Everyone has a guilty secret tucked away in the hardest to reach cupboard of their kitchen. Is yours a donut maker, a Breville or a pasta machine? The answer will depend very much on your age, your class, and when you reached key milestones in your life course but most certainly you have them. Did you marry in the 1970s? You have a fondue kit. Were you a student in the noughties? You have a chocolate fountain. Hit 30 in the late 1990s? That sudden paunch made you invest in a smoothie maker (but didn’t make you stop to think about quite how much sugar there is in a smoothie). Let’s go through the Kay’s catalogue of the mind and think about some of the other ridiculous single-use gadgets that have come into our homes, been unboxed, used once and then packed away to the high shelf: …

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On the last day of October 2014, as trick or treaters took to the streets of the city suburbs for Halloween-themed fun, something genuinely terrifying was in the air. It wasn’t the fact that Halloween has become, over the last few years, a poster child for the creeping Americanisation of our culture. Nor was it the fact that, just like the manner in which we’ve all apparently just rolled over and accepted that ‘High School Proms’ are now a thing, or that it’s OK for the FA Cup Final to kick off at 5.30pm, that we just don’t seem to have the energy to fight this kind of bullshit anymore. It wasn’t even that we allow the economic machine to hijack dates on our calendar as merely points at which they can market disposable plastic shite to us. Nor was it the fact that we not only …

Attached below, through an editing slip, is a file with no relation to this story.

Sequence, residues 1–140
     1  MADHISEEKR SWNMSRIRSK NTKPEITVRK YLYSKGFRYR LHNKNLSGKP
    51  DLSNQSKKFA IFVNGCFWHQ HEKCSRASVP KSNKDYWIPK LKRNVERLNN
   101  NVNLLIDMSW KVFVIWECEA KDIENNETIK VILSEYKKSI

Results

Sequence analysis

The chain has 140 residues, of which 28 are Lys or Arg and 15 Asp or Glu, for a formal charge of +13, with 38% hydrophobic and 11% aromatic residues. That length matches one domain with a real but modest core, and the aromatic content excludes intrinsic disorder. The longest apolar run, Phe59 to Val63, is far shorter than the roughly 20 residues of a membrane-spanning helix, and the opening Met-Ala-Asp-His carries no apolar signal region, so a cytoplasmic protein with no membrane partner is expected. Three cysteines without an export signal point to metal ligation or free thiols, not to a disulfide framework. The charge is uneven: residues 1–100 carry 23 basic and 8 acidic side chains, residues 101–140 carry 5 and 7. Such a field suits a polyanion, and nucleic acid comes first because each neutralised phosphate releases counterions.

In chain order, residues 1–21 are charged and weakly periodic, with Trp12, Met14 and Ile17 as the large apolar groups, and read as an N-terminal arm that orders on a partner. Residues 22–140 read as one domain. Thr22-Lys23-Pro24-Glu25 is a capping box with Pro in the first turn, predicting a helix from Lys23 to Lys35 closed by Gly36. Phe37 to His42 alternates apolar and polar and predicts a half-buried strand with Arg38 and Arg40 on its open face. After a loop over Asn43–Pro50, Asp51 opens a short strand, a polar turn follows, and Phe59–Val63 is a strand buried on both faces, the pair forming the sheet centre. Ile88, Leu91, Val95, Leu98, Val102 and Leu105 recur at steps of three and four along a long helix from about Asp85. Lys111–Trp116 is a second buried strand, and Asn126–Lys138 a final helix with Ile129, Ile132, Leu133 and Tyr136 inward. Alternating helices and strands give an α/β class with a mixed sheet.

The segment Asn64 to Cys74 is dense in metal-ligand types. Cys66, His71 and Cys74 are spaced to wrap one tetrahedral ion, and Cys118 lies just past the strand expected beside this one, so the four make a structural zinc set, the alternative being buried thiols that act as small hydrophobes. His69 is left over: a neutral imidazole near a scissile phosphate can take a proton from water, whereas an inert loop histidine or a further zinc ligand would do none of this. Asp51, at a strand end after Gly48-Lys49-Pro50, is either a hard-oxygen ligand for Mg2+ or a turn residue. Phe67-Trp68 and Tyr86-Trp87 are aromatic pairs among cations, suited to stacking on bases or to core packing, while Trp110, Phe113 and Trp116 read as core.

101 Things Birmingham Gave the World No. 90: Saving the world from Climate Change Read more »

They were the best days of your life, ‘they’ will tell you. ‘They’, being everyone except Bryan Adams who is definite on the point of June, July and August of 1969 being better. What ‘they’ will neglect to tell you is that those days wouldn’t be how they are without the city of Birmingham. Bryan however, never stops going on about Brum’s own postal reformer, and world cup winner, Sir Rowland Hill. You see at the age of twelve, before inventing the post and the stamp to go with it, Hill became a student-teacher in his father’s school. In 1819 he took over the school, called Hill Top, and moved it from town to establish the Hazelwood School in Edgbaston. He called it an “educational refraction of [our man] Priestley’s ideas”, and it became a model for public education for the emerging middle classes. It wanted to …

101 Things Birmingham Gave the World No. 89: School Read more »